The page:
Researchers from ETH Zurich and Microsoft propose “LaMAR”, a new benchmark in location and mapping for augmented reality

Augmented reality (AR) is becoming part of our daily lives. We can define it as placing a virtual object in the real world and ensuring that it maintains its location and shape over time until it is removed from the scene. These scenarios require AR devices to correctly determine their 6-DoF position at all times in order to consistently overlay virtual hardware into the real environment with pixel-level precision.

Visual localization and mapping have been studied extensively in the field of computer vision. However, their application to AR can be tricky and presents unique challenges.

One such challenge relates to the devices we use to display AR content. We mostly use mobile phones or AR-specific gadgets like Microsoft’s HoloLens. These devices are equipped with multiple cameras and additional sensors, making it difficult to map and locate AR content using the methods offered for single-camera setups.

Additionally, we track unique hand or head movement patterns when using our devices to display AR content. Real-time tracking systems on the device provide streams of spatially positioned sensors, meaning they are related to each other in terms of depth, width and height. However, in many AR scenarios, objects may change over time and it may be necessary to track the object beyond local tracking. Thus, the AR tracking system must be robust against temporal changes in appearance and structures.

The other challenge concerns the temporal data of the sensor. There’s often a lot of different data coming from sensors, and the device we’re using needs to be able to make sense of all that data quickly. This is crucial because if the device cannot track the data, it will not be a good experience for the person using it.

Finally, as more and more people adopt AR, more and more opportunities will be there to prepare large-scale maps using data from various devices. However, this will not be easy as some challenges need to be overcome, such as ensuring robust algorithms and preserving privacy.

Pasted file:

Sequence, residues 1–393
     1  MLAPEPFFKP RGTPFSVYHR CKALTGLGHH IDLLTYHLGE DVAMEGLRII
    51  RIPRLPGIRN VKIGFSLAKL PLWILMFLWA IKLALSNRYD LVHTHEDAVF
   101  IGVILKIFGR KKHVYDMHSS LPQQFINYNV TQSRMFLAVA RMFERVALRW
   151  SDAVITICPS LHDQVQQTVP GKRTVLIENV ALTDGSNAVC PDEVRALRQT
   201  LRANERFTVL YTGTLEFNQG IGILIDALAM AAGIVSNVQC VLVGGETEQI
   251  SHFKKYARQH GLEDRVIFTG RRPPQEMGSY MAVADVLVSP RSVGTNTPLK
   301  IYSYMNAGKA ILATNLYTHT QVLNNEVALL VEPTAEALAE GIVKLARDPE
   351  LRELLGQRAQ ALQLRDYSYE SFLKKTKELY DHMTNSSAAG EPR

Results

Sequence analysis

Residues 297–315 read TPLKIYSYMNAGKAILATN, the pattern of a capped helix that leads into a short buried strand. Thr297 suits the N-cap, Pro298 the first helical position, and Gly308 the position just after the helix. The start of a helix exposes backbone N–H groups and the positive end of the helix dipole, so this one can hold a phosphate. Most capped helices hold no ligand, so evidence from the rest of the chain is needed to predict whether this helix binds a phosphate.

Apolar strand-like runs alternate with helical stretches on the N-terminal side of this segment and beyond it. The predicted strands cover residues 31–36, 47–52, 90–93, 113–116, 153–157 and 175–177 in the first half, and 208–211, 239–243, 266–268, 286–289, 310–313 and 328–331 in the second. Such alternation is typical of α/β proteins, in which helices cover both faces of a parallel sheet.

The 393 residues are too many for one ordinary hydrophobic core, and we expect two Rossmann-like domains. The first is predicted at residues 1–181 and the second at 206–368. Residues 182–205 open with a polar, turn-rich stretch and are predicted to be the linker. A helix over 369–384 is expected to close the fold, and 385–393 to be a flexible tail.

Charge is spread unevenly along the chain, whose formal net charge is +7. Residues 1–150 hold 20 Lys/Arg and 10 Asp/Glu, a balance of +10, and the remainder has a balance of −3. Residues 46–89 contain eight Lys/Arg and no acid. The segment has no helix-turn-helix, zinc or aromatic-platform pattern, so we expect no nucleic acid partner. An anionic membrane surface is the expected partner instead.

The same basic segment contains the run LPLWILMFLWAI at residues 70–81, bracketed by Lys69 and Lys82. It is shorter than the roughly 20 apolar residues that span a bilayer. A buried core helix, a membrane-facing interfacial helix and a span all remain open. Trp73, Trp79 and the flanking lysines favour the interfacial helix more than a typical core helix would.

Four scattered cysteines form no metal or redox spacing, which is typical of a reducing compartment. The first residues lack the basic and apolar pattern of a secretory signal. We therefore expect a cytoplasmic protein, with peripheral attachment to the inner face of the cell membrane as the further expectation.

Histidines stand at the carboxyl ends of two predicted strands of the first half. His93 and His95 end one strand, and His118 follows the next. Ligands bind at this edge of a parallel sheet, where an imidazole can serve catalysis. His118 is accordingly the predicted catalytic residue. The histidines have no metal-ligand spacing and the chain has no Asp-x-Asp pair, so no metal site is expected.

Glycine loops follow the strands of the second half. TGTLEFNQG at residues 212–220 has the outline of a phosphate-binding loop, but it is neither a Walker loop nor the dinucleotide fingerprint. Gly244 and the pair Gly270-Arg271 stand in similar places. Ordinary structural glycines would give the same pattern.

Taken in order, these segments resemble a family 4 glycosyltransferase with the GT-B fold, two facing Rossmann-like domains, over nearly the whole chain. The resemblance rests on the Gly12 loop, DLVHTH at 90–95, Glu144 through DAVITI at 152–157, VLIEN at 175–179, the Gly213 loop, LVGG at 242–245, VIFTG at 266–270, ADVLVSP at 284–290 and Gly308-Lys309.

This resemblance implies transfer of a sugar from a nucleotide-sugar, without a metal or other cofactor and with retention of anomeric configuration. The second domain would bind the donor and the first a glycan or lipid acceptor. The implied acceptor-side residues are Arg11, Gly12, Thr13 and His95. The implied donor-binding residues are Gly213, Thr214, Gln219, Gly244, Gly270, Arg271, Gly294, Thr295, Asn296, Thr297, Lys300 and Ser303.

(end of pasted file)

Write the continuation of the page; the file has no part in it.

Despite all these challenges in the field of AR, current academic research is mostly driven by references that fail to address any of the aforementioned challenges. That’s where LaMAR comes in. LaMAR is here to provide a solid, realistic reference for location- and mapping-focused AR studies. LaMAR has three main contributions.

The first contribution is to introduce a large-scale dataset captured using AR devices in various settings, including a historic building, a multi-story office building, and a section of downtown. The dataset contains both interior and exterior scenes with lighting and semantic changes, as well as dynamic objects. Data is captured using handheld devices like the iPad and head-mounted devices like HoloLens over a one-year period.

The second contribution provides a pipeline to produce automatic and accurate ground-truth AR trajectories against large-scale 3D laser scans. This pipeline can handle crowdsourced data from heterogeneous devices, allowing the dataset to be extended with other data and different device types.

Finally, a detailed evaluation of localization and mapping techniques in the AR domain is presented. New ideas for future directions of research are given during these evaluations.

This was a brief summary of LaMAR, the new benchmark for AR tracking and mapping. You can find more information in the links below if you want to know more about it.

This Article is written as a research summary article by Marktechpost Staff based on the research paper 'LaMAR: Benchmarking Localization and Mapping for Augmented Reality'. All Credit For This Research Goes To Researchers on This Project. Check out the paper, code and project.
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Ekrem Çetinkaya obtained his B.Sc. in 2018 and M.Sc. in 2019 from Ozyegin University, Istanbul, Türkiye. He wrote his M.Sc. thesis on image denoising using deep convolutional networks. He is currently pursuing a doctorate. degree at the University of Klagenfurt, Austria, and working as a researcher on the ATHENA project. His research interests include deep learning, computer vision and multimedia networks.


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